My aunt stopped by for a visit and she was bearing a gift. She had brought us a nice bucket of plums from her plum tree. This plums were very plump, juicy and flavorful. But I knew we wouldn’t be able to eat them all before they would go bad so I decided to make some jam.
After I held a few out for eating I took the other three pounds and washed them really well. I don’t know why but plums always have this gritty, powdery substance on them, so I scrubbed that off. Then I sliced them in half to removed the pit. Then I chopped them up a bit and added some sugar to them.
I gave them time to sit in the refrigerator overnight to make some nice juice to cook them in the next day. This process called maceration and helps to bring some juice out of the fruit.
The next day I had lots of juice in with the plums so it was time to cook them up. At first the mixture is just juice and chopped plums. But as the cooking goes on the liquid boils off and the skins color the jam to a lovely dark purple. You want to boil and constantly stir the mixture until you reach the gel point, which is 220 degrees.
To test the gel point I usually place a small plate in the freezer and then when I am ready to test the jam, I add a small amount of jam to the plate and then back into the freezer it goes for a minute or two. If the jam seems to be set, no longer runny, then I am ready to stop the cooking process.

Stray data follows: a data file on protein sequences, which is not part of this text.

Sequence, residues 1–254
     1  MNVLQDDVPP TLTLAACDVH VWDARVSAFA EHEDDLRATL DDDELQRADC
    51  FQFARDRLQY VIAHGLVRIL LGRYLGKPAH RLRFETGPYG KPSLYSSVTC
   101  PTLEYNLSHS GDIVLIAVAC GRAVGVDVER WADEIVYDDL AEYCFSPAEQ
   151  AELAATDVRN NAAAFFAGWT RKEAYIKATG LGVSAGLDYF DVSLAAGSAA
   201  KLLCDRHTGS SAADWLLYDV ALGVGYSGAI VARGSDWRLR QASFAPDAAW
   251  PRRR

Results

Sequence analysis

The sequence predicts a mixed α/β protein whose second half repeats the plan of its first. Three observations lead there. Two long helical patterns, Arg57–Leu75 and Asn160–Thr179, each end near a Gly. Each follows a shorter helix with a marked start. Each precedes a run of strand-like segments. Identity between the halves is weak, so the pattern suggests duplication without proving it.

Once the jam was at the gel point I processed it in a water bath canner and ended up with three jars of plum jam. One jar was opened right away by my husband, to use as a topping for his ice cream. 🙂
Here’s the recipe I used for my jam, I used Little Miss Cruciferous’ recipe but cut it in half, I only wish I had the full 5.5 pounds of plums to make a full batch.
- 3 pounds of Plums, washed, pitted and chopped
- 1 cup of sugar
- Mix the plums with the sugar and let sit overnight in the refrigerator.
- Place the plums and any liquid into a large pot and cook over high heat to the gelling point (220 degrees) stirring constantly.
- Cool and store in the refrigerator or you can process it in a water bath canner.
This was my first try at making plum jam and it turned out so well I am sure I will be adding it to my canning list for next year.
Have you tried a new recipe lately?
This post is linked up at An Oregon Cottage Tuesday Garden Party.